So … it’s been a couple of weeks. Time seems to be flying by here. It’s kind of surprising to realize that sometimes in a place where the pace is so relaxed.
Almost two weeks ago we attended the wedding of one of our neighbors. Her name is Jessila, and she’s actually a member of the Chavadi branch of the Church here. She married a Christian man named Babu in the nearby city of Tiripur—it was, of course, an arranged marriage. Her family rented a few large bus/vans that we rode in with many other neighbors. The vehicles were packed. Ashley counted 35 people in ours alone. The trip took about two hours, although half of that was spent in an intense traffic jam about a kilometer away from our destination.
One of the difference with weddings here is that there is usually a wedding hall rented for a night or two. The wedding hall usually has a cafeteria-type area where meals are served. Other than that there’s a few small rooms (mostly for the bride and groom’s preparations), some bathrooms, and one more big room. The big room accomodates a lot of the ceremonies that surround the marriage, such as the engagements negotiations that occur late in the night between the two families. All the guests stay right there in the wedding hall, sleeping on the cement floor, so it’s like a giant slumber party.
Usually the marriage ceremony would take place in a nearby church (for a Christian wedding). In this case, Matthew (our landlord and branch president) was the one to conduct the ceremony, and since there wasn’t an LDS chapel on hand, it was held in the wedding hall. For some reason it started at 6 am, so we got to see the sky get light outside the windows through the ceremony. Another interesting thing was singing hymns as part of the marriage program: “Love One Another,” “Count Your Blessings,” “Love at Home.” And since most of those in attendance were not LDS, those of us who were had to sing really loudly.
On the way home we stopped in Coimbatore to watch Star Wars Episode III: Revenge of the Sith. As the movie began, the screen went dark and a line of words in blue letters appeared on the screen. “A long time ago in a galaxy far, far away ….” We knew that was what it said, because that’s how Star Wars movies start … except that this time the words were in Hindi! The classic rolling Star Wars credits were also in Hindi. Fortunately once the actual movie started all the speaking was English, but we spent those first few minutes wondering if we’d wasted 25 rupees on a movie we wouldn’t be able understand, and wondering whether the Tamil audience was going to riot (Tamils are generally proud of having a separate language and culture from north India).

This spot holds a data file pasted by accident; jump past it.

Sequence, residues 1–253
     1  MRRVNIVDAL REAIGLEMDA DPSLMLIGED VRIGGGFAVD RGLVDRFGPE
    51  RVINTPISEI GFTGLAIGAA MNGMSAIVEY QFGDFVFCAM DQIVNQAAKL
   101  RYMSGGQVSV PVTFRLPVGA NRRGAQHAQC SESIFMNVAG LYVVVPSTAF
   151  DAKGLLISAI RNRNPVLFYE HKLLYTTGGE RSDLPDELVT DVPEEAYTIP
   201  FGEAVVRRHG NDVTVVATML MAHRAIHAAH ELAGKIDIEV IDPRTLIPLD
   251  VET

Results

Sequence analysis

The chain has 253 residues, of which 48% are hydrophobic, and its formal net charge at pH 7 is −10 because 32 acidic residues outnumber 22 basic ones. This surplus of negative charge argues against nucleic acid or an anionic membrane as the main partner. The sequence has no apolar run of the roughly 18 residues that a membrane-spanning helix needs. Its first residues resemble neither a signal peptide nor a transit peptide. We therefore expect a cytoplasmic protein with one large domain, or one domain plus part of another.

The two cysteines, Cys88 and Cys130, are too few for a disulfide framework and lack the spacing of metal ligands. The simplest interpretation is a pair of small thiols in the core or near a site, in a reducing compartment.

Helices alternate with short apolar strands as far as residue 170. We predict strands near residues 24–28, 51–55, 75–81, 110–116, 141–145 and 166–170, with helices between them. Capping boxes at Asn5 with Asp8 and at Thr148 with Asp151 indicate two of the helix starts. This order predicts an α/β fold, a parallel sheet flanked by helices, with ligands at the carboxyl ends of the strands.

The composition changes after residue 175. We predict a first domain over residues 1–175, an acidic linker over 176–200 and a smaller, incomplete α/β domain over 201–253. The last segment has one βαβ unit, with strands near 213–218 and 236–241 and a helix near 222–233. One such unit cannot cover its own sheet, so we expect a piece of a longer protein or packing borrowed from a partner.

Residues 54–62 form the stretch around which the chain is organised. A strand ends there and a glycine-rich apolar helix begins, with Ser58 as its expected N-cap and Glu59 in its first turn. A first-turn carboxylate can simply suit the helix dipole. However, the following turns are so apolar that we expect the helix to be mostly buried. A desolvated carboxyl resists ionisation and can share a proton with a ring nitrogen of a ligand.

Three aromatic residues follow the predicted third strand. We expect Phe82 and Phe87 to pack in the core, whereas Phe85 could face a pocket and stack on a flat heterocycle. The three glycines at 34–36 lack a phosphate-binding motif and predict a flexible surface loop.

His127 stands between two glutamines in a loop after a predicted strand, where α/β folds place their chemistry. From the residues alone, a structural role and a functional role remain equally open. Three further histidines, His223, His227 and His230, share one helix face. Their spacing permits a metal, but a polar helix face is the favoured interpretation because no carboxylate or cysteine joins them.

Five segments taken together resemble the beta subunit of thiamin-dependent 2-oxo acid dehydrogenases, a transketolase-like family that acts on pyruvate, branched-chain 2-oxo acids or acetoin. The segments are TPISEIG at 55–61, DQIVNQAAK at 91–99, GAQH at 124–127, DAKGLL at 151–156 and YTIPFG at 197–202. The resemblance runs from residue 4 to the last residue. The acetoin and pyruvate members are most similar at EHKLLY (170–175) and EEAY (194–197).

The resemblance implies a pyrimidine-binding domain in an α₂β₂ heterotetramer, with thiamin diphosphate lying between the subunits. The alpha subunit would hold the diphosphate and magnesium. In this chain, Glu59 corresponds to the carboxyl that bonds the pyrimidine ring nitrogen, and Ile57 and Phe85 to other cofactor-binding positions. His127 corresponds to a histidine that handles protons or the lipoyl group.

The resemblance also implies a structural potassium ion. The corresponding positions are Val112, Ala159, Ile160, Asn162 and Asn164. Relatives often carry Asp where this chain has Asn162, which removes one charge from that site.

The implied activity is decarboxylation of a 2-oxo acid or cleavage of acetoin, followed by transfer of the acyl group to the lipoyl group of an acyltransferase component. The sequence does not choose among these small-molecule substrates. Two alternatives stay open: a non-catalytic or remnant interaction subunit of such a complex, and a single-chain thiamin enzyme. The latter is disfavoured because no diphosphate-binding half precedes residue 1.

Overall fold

Later that week we attended a memorial service at the Shanti Ashram, an NGO that several of our students are working with to research women’s development and village planning. The Ashram was founded in the late eighties by Dr. Aram and his wife Mrs. Minoti. Both had been followers of Gandhi, and decided that they wanted to start an organization based on his teachings. So they moved to South India, chose a cluster of villages called Perur Block to work in, and have been doing great work here ever since.
The service was in honor of Dr. Aram, who passed away a few years back. As part of the service, the Ashram announced three new programs, one of which is being funded almost entirely from the proceeds of BYU’s Hunger Banquet last March, an event I was involved with. It really is an exciting program, and a wonderful organization, and it was an honor to be able to present them with the funds personally. I am going to be checking in every week or so to see how the program’s advancing, which I’m excited to be a part of.
The rest of my time has been staying alive—eating, sleeping, washing clothes. And when I have a spare moment or two, I do my research. I’m studying the Hindu sacred spaces in the village where we live, the temples and shrines where people worship. Part of my project has been to map the village and these sacred sites. I’ve been working with one of the other students and his GPS unit to do that.
Otherwise I’ve been observing puja (prayer or worship) ceremonies at the three main temples. Last week there was a festival in honor of the biggest temple’s anniversary. I watched that, which involved some worship ceremonies at all three temples over the course of about four hours. The village drummers were there, which was really fun to see.
The real work is trying to learn the meaning behind these temples and the ceremonies that are performed there. With the help of Jagadesh I’ve been discussing puja with the pandaram (the priest who facilitates puja), Jagadarnan.
In the next few weeks I hope to interview one of the priests at a larger temple nearby, the Ramachandra family (who as the highest-caste family in the village are the major financial contributors to the temples of Chavadi), and hopefully a temple architect. I also want to do a survey or structured interview with various people in the village to get a sense of the regular worship habits here.
There’s so much to do. I can’t believe we are only in the village for another month.